Pastors are God’s answer to nurture, to feed, and to lead His people while the Good Shepherd awaits His ultimate return (Eph 4:10-14; 1 Pet 2:25). Pastors lead Christ’s flock with the same pathos (passion), ethos (ethics), and logos (doctrine) of those apostles and pastors of the first century church (Acts 20:20-28). Ministering in the pastoral office is a high privilege founded upon lowly, humble service. The right approach to ministry is “a redemptively centered, God-focused, biblically defined, and scripturally prioritized ministry.” Spiritual men must devote themselves fully to the principles, precepts, and practices of biblical pastoral ministry so they may be a blessing to the church.
Some pastors have found themselves in ethical dilemmas that have wounded some within their churches. Tripp recognized that ministry is “always also shaped by the true condition of his heart.” Such a humble perspective is only gained by living in a close relationship with God where one is both exposed to the grace of God. By doing so all that the student does will be motivated by the love of God. Pastors must daily experience a rescue from themselves and rejoice in the deliverance that God brought through the gospel. Additionally, in each moment throughout the day one must meditate on the power and promises of Christ. As Tripp proclaimed, “Only the worship of Christ has the power to protect him for the ‘seductive idols of ministry.’” By gaining and maintaining a mature love and deep gratitude any student can express love, grace, and patience toward others. As one remains humble before God and experiences His grace, that one will be empowered to reflect God’s grace to others who remain in desperate need of it.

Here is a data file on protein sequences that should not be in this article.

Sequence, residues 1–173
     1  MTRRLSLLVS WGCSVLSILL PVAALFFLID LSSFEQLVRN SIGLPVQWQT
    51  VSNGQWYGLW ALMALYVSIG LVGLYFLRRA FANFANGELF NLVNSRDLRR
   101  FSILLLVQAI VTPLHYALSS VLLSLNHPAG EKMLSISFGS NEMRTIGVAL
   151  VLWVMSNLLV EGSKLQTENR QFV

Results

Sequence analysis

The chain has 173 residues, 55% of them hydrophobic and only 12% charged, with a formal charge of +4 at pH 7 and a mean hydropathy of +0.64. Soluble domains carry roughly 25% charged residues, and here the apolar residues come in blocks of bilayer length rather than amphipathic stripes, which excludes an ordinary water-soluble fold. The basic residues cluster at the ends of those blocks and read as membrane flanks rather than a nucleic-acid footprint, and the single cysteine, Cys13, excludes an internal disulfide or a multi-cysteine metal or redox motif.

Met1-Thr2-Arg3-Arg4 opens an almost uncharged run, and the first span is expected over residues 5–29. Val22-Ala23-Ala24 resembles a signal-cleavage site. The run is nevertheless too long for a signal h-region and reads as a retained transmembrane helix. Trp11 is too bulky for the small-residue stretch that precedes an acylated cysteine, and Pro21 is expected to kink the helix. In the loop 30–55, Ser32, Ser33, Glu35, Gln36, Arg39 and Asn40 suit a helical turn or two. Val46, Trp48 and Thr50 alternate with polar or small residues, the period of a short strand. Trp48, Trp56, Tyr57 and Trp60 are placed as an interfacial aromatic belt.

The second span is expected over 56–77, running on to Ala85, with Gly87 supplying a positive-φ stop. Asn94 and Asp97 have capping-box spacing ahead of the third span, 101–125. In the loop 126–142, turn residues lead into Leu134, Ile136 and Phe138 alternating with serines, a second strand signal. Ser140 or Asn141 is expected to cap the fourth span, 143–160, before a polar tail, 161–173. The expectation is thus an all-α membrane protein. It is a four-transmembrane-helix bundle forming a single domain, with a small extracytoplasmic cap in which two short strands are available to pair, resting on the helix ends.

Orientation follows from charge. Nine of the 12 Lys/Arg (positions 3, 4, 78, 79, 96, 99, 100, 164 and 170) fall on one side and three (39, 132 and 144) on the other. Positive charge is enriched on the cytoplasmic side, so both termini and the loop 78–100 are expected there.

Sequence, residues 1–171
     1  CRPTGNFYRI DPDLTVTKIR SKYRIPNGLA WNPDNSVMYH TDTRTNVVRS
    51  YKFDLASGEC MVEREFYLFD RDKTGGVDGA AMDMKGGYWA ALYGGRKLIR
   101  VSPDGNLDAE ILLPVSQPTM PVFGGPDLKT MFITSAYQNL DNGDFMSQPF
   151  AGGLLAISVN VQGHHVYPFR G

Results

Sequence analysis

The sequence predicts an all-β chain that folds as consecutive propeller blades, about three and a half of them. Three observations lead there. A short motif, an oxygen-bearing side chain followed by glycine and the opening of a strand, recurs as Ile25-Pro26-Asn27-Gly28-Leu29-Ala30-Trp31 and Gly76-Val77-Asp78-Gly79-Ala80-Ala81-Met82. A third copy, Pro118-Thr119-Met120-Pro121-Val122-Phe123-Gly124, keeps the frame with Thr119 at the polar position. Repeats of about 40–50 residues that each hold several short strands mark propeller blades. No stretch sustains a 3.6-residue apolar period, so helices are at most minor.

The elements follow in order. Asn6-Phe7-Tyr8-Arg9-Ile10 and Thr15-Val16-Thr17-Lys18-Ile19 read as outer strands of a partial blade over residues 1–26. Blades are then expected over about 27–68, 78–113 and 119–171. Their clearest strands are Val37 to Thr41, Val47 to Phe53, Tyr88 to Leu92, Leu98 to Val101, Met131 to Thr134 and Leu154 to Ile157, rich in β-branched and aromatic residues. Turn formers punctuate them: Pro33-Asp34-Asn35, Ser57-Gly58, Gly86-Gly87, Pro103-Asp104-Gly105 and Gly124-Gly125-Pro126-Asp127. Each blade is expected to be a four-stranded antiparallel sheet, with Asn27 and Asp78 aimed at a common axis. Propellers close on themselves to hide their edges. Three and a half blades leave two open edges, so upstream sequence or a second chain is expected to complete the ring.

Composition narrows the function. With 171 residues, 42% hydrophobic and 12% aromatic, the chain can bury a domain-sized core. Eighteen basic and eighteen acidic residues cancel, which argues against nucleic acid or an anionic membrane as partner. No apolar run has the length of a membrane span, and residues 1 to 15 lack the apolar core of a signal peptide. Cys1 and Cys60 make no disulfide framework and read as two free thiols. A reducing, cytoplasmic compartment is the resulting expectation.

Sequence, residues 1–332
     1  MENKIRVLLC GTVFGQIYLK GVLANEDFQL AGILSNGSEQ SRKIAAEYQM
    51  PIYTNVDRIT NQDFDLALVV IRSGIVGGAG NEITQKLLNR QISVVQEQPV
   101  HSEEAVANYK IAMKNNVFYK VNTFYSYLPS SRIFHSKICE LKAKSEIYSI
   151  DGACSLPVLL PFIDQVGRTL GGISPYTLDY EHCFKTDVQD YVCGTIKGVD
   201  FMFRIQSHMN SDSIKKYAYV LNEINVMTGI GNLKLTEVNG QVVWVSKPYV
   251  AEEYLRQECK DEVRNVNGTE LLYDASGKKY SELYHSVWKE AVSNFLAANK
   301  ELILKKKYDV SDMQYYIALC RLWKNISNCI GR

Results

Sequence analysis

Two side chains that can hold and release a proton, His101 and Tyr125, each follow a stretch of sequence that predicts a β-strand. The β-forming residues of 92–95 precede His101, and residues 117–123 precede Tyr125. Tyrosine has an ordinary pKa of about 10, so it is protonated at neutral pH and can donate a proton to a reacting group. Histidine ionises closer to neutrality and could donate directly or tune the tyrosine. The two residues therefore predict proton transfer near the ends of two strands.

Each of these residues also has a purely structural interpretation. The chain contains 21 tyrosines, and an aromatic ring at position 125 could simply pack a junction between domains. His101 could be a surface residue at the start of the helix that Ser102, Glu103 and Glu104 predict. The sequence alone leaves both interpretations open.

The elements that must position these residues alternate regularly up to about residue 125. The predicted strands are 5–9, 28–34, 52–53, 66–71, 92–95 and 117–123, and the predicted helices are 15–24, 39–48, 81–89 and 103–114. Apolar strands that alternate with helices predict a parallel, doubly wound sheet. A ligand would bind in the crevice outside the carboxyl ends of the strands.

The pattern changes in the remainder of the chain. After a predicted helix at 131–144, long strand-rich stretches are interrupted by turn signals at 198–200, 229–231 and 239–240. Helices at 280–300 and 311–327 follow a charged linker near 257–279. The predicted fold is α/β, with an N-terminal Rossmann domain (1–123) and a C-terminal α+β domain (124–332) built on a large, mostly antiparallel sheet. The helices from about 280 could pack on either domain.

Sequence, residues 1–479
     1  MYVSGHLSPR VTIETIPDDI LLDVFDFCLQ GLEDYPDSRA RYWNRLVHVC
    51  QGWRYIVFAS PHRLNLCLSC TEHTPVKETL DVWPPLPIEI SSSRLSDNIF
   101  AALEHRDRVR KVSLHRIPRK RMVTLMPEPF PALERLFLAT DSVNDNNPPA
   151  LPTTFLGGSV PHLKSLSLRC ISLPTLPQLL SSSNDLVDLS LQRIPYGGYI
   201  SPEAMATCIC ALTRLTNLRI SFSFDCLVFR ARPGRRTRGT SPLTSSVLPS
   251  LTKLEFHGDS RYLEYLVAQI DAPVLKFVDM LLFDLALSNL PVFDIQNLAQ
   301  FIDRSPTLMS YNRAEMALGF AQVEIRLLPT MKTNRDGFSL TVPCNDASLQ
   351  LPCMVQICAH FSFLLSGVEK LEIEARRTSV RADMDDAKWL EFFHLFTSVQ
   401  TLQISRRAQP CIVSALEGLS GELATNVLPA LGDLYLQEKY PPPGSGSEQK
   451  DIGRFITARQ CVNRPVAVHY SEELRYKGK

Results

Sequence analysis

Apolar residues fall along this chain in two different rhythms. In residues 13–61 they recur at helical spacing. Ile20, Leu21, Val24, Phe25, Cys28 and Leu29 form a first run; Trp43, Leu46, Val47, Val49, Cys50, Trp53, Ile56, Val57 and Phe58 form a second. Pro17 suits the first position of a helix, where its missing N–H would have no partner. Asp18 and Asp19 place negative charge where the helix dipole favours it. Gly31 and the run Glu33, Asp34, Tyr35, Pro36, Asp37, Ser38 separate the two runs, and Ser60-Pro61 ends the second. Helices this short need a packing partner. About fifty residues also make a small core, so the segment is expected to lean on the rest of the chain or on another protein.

John F. MacArthur, “Pastoral Ministry: How to Shepherd Biblically,” (Nashville, TN, 2005), 4.
 Tripp, Paul David. Dangerous Calling (Wheaton, Ill:2012), 51.
 Tripp, Dangerous Calling, 52.